Talk by G. Iaffaldano

Monsoon speeds up Indian tectonic plate motion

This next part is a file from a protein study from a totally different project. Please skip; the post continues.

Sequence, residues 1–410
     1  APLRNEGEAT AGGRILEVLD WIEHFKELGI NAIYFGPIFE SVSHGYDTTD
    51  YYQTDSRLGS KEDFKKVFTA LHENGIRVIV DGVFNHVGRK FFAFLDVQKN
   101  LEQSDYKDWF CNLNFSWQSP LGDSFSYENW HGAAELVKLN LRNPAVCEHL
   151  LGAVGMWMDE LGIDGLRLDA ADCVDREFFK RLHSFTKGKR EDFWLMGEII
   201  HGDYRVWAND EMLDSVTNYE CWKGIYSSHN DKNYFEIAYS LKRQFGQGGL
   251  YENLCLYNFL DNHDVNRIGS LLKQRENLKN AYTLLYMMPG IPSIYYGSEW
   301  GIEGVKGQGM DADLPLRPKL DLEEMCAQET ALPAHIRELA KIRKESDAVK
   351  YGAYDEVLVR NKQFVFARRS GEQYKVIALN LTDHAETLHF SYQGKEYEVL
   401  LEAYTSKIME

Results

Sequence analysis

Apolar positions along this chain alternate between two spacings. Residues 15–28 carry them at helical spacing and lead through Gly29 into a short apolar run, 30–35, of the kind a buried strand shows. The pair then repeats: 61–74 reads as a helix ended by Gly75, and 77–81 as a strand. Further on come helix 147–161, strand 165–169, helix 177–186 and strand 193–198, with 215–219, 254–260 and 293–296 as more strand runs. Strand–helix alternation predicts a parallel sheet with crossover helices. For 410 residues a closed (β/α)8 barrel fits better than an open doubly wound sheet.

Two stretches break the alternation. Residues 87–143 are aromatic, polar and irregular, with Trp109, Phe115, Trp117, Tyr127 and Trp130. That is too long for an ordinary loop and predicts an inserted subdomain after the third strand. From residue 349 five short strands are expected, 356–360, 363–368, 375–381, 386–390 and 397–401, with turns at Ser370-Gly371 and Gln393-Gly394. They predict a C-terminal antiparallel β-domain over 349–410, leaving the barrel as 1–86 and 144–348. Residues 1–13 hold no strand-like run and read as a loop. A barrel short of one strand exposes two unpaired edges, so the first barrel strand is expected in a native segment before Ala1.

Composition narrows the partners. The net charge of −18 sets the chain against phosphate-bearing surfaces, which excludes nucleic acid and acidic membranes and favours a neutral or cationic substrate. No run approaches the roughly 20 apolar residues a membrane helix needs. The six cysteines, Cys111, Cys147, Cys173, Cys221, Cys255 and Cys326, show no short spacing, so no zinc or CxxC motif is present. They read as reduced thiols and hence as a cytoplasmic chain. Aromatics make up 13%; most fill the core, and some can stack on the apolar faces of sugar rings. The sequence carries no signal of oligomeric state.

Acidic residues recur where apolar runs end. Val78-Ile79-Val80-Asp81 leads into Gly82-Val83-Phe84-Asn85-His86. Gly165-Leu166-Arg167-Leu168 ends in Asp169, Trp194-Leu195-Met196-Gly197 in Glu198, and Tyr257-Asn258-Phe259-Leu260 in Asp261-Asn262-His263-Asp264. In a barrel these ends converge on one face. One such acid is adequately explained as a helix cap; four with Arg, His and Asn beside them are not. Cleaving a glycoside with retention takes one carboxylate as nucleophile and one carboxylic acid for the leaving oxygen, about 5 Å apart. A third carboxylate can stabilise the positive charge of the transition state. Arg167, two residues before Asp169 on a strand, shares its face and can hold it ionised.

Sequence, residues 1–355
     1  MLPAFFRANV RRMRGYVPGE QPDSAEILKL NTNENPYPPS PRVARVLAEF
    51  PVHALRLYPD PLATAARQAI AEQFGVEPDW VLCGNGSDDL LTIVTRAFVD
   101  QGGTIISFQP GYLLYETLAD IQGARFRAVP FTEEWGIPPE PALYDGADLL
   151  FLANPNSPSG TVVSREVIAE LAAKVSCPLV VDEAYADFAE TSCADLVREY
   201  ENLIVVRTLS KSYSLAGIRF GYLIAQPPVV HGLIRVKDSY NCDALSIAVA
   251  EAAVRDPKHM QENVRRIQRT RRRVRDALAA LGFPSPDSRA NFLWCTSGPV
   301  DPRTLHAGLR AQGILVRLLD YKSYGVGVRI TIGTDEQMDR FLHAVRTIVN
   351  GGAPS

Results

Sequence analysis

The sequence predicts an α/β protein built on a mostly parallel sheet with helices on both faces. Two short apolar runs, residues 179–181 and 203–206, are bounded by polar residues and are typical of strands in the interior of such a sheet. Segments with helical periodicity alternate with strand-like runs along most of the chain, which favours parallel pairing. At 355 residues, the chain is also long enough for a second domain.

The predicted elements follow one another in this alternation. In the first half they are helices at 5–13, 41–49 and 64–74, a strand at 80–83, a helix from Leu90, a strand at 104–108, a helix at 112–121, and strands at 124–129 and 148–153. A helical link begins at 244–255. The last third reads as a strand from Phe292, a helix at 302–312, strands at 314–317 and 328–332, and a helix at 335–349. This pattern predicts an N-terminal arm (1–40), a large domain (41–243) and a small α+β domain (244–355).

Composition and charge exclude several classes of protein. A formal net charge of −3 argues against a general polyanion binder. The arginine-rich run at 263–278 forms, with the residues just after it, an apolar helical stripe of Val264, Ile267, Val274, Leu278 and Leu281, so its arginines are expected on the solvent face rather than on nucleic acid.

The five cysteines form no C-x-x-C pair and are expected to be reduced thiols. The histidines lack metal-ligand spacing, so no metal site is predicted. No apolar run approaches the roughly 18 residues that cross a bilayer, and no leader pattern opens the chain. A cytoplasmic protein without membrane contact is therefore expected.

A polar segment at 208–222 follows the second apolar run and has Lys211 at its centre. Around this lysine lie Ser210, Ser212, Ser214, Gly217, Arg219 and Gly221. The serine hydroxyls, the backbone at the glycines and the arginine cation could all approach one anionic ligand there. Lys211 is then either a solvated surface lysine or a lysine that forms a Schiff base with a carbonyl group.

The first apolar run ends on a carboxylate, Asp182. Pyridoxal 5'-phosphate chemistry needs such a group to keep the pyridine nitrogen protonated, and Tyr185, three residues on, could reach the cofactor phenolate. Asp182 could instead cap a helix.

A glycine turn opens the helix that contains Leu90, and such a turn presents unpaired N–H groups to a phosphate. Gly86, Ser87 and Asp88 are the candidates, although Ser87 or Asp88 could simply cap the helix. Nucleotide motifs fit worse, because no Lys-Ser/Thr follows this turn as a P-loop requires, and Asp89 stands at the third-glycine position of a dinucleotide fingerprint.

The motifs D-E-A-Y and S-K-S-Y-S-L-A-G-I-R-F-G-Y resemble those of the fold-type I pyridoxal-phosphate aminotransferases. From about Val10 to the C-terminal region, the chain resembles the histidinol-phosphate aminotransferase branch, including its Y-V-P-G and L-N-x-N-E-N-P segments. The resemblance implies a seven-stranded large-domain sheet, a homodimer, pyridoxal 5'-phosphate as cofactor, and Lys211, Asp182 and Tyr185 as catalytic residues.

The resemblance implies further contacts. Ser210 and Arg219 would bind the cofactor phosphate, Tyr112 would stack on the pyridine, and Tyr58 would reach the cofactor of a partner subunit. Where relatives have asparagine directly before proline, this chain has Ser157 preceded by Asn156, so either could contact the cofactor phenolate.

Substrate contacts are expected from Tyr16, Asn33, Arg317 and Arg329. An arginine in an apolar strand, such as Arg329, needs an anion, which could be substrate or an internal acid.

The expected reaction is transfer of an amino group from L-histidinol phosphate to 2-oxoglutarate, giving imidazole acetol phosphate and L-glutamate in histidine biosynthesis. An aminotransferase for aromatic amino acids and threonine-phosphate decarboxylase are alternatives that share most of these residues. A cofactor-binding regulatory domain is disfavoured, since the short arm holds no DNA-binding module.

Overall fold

Short-term plate motion variations on the order of a few Myr are a powerful probe into the nature of plate boundary forces, as mantle-related buoyancies evolve on longer time-scales. New reconstructions of the ocean-floor spreading reveal an increasing number of such variations, but the dynamic mechanisms producing them are still unclear. Here we show quantitatively that climate changes may impact the short-term evolution of plate motion by linking explicitly the observed counter-clockwise rotation of the Indian plate since ~10 Ma to increased erosion and reduced elevation along the eastern Himalayas, due to temporal variations in monsoon intensity. By assimilating observations into empirical relations for the competing contributions of erosion and mountain building, we estimate the first-order decrease in elevation along the eastern Himalayas since the initial strengthening of the monsoon. Furthermore, we show with global geodynamic models of the coupled plates/mantle system that the inferred reduction in elevation is consistent with the Indian plate motion record over the same period of time, and that lowered gravitational potential energy in the eastern Himalayas following stronger erosion is a key factor to foster plate convergence in this region. Our study implicates lateral variations in plate coupling and their temporal changes as an efficient source to induce an uncommon form of plate motion where the Euler pole falls within its associated plate.